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Study Suggests Fitness May Help Buffer Stress at Work for Women

Study Suggests Fitness May Help Buffer Stress at Work for Women
Study Suggests Fitness May Help Buffer Stress at Work for Women


Duke Health News Duke Health News

WILLIAMSBURG, VA. -- Researchers at Duke University Medical Center have found that the more physically fit a woman is, independent of regular exercise, the lower her blood pressure level is during a stressful day at work.

The findings are significant because high blood pressure at work is associated with a greater risk of heart disease than high blood pressure in the clinic or in a physician's office, according to Elizabeth C. D. Gullette, a behavioral medicine researcher and project coordinator of the study.

"Our findings suggest that for working women, physical fitness may buffer against the work-related stress that causes blood pressure to rise," Gullette said. The subjects in the study were mildly hypertensive working women, aged 31 to 57, who were moderately overweight and who had not exercised regularly for at least six months.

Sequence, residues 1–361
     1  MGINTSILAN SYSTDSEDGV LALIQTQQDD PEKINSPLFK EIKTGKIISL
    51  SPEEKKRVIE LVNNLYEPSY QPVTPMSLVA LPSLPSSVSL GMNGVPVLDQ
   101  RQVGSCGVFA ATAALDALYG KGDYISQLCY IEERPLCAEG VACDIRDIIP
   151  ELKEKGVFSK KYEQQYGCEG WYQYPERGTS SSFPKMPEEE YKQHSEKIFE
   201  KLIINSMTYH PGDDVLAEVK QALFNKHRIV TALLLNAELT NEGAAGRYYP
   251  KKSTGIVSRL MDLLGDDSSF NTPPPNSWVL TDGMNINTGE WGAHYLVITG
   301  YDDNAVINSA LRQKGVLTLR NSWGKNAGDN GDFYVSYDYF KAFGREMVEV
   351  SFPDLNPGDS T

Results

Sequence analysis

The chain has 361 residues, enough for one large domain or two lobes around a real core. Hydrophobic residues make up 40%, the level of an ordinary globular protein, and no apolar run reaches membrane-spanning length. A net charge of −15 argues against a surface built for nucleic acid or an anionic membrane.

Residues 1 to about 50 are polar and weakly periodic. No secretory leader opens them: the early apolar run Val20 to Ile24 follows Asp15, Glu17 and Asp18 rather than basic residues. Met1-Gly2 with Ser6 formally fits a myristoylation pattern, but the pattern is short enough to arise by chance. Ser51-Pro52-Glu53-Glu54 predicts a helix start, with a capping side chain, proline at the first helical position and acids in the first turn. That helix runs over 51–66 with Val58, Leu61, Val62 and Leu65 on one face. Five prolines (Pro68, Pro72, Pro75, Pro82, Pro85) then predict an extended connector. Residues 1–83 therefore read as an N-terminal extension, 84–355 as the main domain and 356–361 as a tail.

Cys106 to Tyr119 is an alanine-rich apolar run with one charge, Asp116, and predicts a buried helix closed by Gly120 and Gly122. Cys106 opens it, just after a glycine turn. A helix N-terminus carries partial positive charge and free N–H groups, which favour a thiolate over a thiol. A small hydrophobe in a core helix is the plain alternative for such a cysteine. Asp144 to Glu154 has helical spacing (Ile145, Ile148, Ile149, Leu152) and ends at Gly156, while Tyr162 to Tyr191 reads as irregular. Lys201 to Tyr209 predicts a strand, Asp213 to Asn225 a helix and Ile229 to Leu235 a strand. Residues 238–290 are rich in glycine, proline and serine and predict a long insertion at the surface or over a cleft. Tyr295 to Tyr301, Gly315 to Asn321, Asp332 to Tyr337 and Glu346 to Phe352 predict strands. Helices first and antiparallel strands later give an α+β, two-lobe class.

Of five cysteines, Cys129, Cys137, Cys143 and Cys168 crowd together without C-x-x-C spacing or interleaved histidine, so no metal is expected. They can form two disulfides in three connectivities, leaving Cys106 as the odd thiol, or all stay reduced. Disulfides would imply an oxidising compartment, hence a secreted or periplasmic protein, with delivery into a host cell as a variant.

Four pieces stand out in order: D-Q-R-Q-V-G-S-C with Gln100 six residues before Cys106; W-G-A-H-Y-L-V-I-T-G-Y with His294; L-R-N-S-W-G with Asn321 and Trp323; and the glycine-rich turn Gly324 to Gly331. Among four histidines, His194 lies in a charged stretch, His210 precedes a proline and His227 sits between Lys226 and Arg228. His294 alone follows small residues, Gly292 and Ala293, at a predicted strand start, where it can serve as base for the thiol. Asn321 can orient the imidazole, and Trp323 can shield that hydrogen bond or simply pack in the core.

Results of the study, funded by a five-year grant from the National Heart, Lung and Blood Institute, were prepared for presentation at the annual meeting of the American Psychosomatic Society.

In the study, 24 women were given exercise treadmill tests to determine their precise levels of fitness. The women also wore portable blood pressure monitors at home and at work for a 15-hour period to assess changes in blood pressure during routine activities.

Women who were more physically fit, as determined by greater oxygen consumption during the exercise test, had lower blood pressure levels at work than women who were less physically fit. The physically fit women also had smaller blood pressure changes between home and work environments than unfit women. Researchers said the rise in blood pressure at work suggests that unfit women react more strongly and negatively to work pressures than physically fit women.

High blood pressure at work is dangerous because studies have shown it to be more predictive of left ventricular hypertrophy (LVH), or enlargement of the heart's left ventricle, than home blood pressure or blood pressure measured in the clinic.

LVH is a major risk factor for coronary artery disease and may be a more significant predictor than cigarette smoking or high cholesterol levels, according to numerous studies, including one published in the May 1995 issue of the Journal of the American Medical Association.

The researchers now are conducting a longitudinal study of women enrolled in an exercise program to determine whether exercise training can further reduce blood pressure levels at work.

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